I'm running down a stream in the middle of Hampshire with someone else in hot pursuit. Am I trying the age-old trick of loosing the trackers in the water? No, I've taken a wrong turn during a relay race and, knowing that every second counts, I'm looking for a way out. When I practised the course I managed to run the whole way down the stream so I should have known better. Still it's only a "friendly" race!

It all started so well. 9:30 on May 7th saw teams of runners from across Hampshire warming up; i.e. either getting a cooked breakfast in the local teashop or chatting in the car park, in preparation for the annual Emsworth to Basingstoke charity relay race.

Run over a 70K course with 1300 metres of climbing on the way, the race is split into 18 legs of between 2K and 6K. Each runner runs on average 3 legs with everyone running the first leg as a warm up.

The exception to this are the runners destined to run the 2nd leg. This bunch run both legs 1 and 2, a total distance of 7.2K on a flat course that includes a bit of beach running, flat out. The two tips for this leg are 1; don't get lost and 2, get to the kissing gate before everyone else.

This year we had an overenthusiastic bunch as one of the drivers forgot himself in the adrenalin rush at the start and ran the first leg as well! One of the organisers had to drive him back to Emsworth to collect the team vehicle.

The course heads up through Rowlands Castle and then along the Sussex border path to Finchdean before becoming the Staunton Way through to Petersfield. It then follows the Hanger Way to Alton and then on to Basingstoke, finishing at the Down Grange running track.

Along the way it goes over the South Downs between Chalton and Buriton, the Shoulder of Mutton hill between Steep and Hawkley, the Selborne hangers.... ; I think you get the idea. Some of the legs are quite short but try running a 3K-track race straight after running two 5K cross-country races and see how you feel.

It can't be too bad as a number of runners ran the Alton 10 the next day . one of them running a sub 60!

So all you have to do is jump out of your battle bus, run your leg, get back in the bus at the end of your leg, rest, and repeat until at Basingstoke . easy! Did I forget to mention that there are no marshals (you try and find enough people for every twist and turn over a 70K route!) and some of the footpaths and bridleways have no signposts.

There are only two rules; the person currently running has to carry a baton, which he must give to the next person before collapsing in a heap on the ground. And if you get lost (sorry, I've been told to be realistic here), when you get lost, you mustn't gain an advantage by it. The latter is unlikely as most runners who get lost end up on the road following road signs instead of the usually more direct cross country route.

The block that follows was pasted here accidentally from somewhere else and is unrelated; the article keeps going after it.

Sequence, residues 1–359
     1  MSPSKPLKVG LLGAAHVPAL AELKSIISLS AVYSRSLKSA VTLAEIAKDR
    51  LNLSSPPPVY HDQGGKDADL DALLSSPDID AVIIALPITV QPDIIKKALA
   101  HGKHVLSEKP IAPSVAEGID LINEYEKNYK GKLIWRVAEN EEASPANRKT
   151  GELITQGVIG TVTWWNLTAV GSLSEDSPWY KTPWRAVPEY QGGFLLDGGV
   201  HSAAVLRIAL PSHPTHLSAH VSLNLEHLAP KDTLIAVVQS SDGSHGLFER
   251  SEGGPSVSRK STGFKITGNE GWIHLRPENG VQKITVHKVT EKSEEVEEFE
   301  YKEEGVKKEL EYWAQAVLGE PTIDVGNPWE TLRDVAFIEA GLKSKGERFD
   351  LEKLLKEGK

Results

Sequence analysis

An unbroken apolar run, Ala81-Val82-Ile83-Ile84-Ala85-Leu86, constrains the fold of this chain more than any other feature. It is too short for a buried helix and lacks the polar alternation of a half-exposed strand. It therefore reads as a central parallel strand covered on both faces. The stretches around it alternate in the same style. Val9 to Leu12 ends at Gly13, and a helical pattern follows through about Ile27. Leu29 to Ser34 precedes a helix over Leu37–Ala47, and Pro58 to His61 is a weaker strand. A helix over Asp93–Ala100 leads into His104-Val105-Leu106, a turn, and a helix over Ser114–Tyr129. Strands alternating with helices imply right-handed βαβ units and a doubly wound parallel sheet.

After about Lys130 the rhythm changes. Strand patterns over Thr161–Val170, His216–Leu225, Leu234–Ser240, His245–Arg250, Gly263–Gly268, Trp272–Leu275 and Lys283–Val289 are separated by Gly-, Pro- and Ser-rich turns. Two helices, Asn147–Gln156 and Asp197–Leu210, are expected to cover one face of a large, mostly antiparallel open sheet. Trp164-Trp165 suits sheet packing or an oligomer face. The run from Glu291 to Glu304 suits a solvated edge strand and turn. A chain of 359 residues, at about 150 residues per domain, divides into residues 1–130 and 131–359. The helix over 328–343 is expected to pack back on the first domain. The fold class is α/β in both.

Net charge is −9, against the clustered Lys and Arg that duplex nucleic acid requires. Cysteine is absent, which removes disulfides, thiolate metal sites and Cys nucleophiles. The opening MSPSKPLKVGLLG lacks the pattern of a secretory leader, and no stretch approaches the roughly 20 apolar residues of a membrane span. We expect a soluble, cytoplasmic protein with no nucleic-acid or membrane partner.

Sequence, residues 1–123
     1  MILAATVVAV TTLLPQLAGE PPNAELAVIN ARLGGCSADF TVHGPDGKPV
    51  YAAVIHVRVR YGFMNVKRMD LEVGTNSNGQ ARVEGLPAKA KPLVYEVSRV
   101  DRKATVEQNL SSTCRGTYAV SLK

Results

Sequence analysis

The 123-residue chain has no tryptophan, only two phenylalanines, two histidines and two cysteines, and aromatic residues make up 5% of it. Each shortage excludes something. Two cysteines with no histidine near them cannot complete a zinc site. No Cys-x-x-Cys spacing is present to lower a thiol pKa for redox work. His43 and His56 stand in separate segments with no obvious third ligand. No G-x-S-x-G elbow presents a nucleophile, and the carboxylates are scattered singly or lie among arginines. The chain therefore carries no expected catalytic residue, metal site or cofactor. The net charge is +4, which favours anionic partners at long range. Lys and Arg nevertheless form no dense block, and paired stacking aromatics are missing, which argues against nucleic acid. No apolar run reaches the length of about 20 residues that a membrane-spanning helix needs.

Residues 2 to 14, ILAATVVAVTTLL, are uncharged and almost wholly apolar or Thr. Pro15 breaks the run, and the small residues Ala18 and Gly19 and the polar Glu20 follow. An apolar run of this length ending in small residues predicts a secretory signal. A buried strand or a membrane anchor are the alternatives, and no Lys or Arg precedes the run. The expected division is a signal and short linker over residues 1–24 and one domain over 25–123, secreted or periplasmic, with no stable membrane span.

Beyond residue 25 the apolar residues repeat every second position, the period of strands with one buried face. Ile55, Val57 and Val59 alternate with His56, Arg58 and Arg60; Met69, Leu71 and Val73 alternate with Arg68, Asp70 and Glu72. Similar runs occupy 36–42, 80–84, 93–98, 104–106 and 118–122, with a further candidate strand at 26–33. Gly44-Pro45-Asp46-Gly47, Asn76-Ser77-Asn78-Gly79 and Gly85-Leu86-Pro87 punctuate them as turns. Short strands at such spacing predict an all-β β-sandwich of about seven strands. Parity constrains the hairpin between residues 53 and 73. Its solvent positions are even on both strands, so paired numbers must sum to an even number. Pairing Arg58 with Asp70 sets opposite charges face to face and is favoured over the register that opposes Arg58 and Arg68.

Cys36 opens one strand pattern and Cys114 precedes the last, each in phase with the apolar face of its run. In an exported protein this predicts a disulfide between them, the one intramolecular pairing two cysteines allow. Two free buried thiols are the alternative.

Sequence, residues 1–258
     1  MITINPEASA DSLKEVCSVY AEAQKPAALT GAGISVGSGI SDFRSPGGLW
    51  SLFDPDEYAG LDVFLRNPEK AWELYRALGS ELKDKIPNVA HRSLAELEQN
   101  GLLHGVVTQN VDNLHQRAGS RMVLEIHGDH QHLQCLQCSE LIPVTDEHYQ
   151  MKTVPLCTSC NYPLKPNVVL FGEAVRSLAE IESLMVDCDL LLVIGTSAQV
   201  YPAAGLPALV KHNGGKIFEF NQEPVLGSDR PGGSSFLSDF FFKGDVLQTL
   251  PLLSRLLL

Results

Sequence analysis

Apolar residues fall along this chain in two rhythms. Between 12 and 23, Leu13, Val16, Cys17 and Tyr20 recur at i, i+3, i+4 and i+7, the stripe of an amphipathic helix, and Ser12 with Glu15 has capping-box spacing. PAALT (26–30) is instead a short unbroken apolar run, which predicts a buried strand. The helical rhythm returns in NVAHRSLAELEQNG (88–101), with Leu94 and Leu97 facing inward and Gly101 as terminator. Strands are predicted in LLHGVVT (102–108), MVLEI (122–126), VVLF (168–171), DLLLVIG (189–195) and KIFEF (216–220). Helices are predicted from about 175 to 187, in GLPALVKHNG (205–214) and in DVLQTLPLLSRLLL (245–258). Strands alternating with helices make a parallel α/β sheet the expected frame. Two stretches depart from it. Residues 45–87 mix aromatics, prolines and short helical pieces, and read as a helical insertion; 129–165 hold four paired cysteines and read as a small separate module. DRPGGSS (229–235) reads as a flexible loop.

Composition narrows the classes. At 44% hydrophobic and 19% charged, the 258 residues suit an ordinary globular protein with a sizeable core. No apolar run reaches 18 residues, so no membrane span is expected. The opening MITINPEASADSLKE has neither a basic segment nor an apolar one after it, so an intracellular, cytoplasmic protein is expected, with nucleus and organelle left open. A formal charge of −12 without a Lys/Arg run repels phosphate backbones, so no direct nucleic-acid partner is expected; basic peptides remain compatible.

As all the teams get a map of the entire route the more canny amongst them can be found in the preceding weeks practicing the course . this somehow reduces the number of bodies strewn across the Hampshire countryside - but doesn't eliminate it completely.

The other thing to expect is to arrive at the end of your leg and find your next runner missing. This year it was one of the Victory teams at Steep (no names) having to hunt in the bushes where a pre-run pit stop was being taken. In previous years runners have had to run another leg when the bus hasn't appeared.

This year the star team decided that, as they were on paper quite a bit faster that all the rest that they would let one of their runners take the scenic route on the section between Steep and Hawkley. This diversion took 44 minutes for a supposed 5K stretch. One of the other teams. minibus found him, yes you guessed it, following the road signs!

This momentary lapse by Southampton gave Victory A the impetus to put all their efforts into staying out front. Southampton caught them up 12K from home with both runners running neck and neck for 6K before the last Southampton runner proved to much for Victory's anchor man.

The next four teams were swapping places all the way and in the end only 11 minutes separated them. It was very exciting watching all four teams waiting at the end of the penultimate leg at Hackwood Park to see whose runner was going to come out at the other end first. Victory mixed arrived first and managed to keep ahead of Basingstoke despite their runner closing the gap by the finish. Victory ladies then piped the Colemen for 5th spot.

Tadley runners, who decided to field a team at the last minute, came in 7th. They had not been over any of the course before the race and as a result kept getting lost. Their progress was usually relayed to the organisers by mobile. Despite finishing 1½ hours behind the Colemen they are determined to come back again next year.

The race this year, as will next year's, was run in aid of the Brittle Bone Society and was organised by Cyd Hill of Basingstoke & Mid Hants Athletics club; he even organised perfect running weather and a seemingly endless supply of rolls, tea and cakes at the finish.

Don Powell

Basingstoke & Mid Hants A.C.